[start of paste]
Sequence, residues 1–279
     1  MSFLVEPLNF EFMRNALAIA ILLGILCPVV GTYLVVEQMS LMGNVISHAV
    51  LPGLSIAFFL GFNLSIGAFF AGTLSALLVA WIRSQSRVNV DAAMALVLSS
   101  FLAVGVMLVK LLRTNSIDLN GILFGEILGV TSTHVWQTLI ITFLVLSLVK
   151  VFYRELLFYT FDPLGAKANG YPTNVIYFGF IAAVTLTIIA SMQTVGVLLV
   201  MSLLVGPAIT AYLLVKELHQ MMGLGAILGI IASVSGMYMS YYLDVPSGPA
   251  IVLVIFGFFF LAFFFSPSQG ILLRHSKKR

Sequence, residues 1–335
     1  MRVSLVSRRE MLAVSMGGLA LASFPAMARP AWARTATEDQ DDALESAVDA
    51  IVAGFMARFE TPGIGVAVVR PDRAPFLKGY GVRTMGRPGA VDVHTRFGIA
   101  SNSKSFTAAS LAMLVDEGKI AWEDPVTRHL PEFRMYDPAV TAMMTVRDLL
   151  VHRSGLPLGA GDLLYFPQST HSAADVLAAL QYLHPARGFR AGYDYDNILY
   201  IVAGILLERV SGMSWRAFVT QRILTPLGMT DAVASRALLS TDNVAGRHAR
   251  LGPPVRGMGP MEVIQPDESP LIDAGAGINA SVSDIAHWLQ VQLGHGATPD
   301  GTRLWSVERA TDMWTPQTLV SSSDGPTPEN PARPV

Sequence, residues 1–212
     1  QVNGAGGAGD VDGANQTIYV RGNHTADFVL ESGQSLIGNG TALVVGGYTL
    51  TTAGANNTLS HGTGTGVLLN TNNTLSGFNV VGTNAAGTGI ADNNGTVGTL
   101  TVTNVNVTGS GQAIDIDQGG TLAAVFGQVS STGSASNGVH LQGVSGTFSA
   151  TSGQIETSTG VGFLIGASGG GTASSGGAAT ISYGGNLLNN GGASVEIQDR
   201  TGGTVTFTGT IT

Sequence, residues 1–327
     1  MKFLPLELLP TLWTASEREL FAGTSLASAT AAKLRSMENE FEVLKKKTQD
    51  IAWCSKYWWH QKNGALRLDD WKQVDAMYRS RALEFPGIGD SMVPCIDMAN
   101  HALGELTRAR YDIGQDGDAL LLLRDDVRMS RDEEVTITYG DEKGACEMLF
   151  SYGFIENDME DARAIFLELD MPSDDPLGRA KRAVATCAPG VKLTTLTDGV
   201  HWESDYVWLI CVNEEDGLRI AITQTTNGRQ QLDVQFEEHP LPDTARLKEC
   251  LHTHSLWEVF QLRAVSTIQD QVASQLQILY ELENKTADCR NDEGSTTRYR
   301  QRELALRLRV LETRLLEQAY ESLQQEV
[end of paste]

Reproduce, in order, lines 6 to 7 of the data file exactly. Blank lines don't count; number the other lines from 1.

   201  MSLLVGPAIT AYLLVKELHQ MMGLGAILGI IASVSGMYMS YYLDVPSGPA
   251  IVLVIFGFFF LAFFFSPSQG ILLRHSKKR